I had to take this C-class demonstrator from Leicester to Derby and pick it up again two days later. The car’s sat nav took me on A-roads: skirting Ashby-de-la-Zouch, then north up through the pretty village of Ticknall and across the amazing and ancient Swarkestone Bridge. Much more interesting than the M1 motorway and the Mercedes was a pleasure to drive over this varied route. The battery pack (larger than in the non-plug-in C-class diesel hybrid) adds a lot of weight but the C350e still goes round corners without drama and with plenty of grip. It is quiet even when the petrol engine cuts in, which it does with a very slight nudge. Not imperceptible but almost.
The electric motor frequently did all the work on its own. It was very strange watching the needle on the rev counter drop like a stone to zero as the petrol engine closed down when I was cruising along. Then I was left with that eerie experience mentioned at the beginning of this post – near silence except for a bit of road noise. I don’t know why but this was really satisfying and I was able to cruise at 50 – 60 mph on battery alone for some decent stretches. So with the electric motor seeming to do its fair share of the work, I couldn’t have used much fuel, could I? Actually, the car managed, erm, 36.6mpg. Compared to its official combined figure of 134.5mpg. And I was driving very steadily!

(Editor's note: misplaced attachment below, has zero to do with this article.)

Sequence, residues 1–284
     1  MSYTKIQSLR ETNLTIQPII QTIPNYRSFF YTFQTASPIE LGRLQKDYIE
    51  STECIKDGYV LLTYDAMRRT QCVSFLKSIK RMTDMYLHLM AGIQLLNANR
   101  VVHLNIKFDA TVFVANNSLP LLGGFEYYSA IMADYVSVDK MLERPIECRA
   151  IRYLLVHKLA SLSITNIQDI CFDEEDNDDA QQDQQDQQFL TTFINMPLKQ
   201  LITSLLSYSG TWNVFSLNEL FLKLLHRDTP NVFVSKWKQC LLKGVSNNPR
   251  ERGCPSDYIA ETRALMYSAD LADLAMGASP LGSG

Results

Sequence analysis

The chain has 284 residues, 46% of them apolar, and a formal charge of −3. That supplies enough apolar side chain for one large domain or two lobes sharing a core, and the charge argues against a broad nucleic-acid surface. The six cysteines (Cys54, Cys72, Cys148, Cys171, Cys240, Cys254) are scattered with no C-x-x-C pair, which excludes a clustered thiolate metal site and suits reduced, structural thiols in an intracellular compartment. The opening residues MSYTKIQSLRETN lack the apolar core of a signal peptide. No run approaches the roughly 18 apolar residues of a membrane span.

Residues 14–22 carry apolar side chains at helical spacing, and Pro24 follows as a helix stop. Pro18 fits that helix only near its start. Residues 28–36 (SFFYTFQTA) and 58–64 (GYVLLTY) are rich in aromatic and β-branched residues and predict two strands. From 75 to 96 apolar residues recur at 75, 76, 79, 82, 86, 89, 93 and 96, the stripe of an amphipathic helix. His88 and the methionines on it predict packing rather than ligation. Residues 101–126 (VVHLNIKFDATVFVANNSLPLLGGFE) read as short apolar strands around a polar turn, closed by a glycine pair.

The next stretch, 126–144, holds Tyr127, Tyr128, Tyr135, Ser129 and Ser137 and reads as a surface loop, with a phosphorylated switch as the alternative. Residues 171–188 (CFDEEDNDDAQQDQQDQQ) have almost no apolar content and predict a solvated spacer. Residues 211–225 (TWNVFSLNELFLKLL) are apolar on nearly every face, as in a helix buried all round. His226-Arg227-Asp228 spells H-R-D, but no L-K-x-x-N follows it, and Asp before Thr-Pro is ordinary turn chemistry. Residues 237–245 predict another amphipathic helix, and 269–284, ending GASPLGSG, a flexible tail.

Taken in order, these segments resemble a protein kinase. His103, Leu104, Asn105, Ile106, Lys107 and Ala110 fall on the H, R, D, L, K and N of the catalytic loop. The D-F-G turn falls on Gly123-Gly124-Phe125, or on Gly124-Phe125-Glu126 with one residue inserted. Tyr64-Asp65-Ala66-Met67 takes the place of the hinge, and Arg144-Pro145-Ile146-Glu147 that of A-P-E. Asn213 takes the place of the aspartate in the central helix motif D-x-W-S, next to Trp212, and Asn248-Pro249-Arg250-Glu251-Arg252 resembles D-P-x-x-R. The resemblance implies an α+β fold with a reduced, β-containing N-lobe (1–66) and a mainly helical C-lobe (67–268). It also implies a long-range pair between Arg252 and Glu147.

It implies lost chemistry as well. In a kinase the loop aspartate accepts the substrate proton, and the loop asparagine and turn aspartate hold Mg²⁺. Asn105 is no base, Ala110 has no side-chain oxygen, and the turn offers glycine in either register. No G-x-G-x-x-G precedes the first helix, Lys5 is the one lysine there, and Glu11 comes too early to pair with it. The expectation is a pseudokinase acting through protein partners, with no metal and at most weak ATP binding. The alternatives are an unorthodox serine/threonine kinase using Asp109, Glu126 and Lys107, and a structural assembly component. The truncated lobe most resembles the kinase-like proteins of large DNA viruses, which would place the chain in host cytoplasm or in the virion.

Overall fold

Two days later and I was determined to do better when I picked the car up to return it to Leicester. The gentleman who had been trying out the car said he liked it very much but commented on how the fuel gauge had dropped alarmingly. As a result, it was very low on fuel and had only a 12% battery charge. I was beginning to wish I had slipped a couple of AAs in my bag just in case. The trip computer gave a range of 46 miles and I had 30 to go. Now there’s a challenge. Could I get back comfortably and even increase that margin of 16 miles?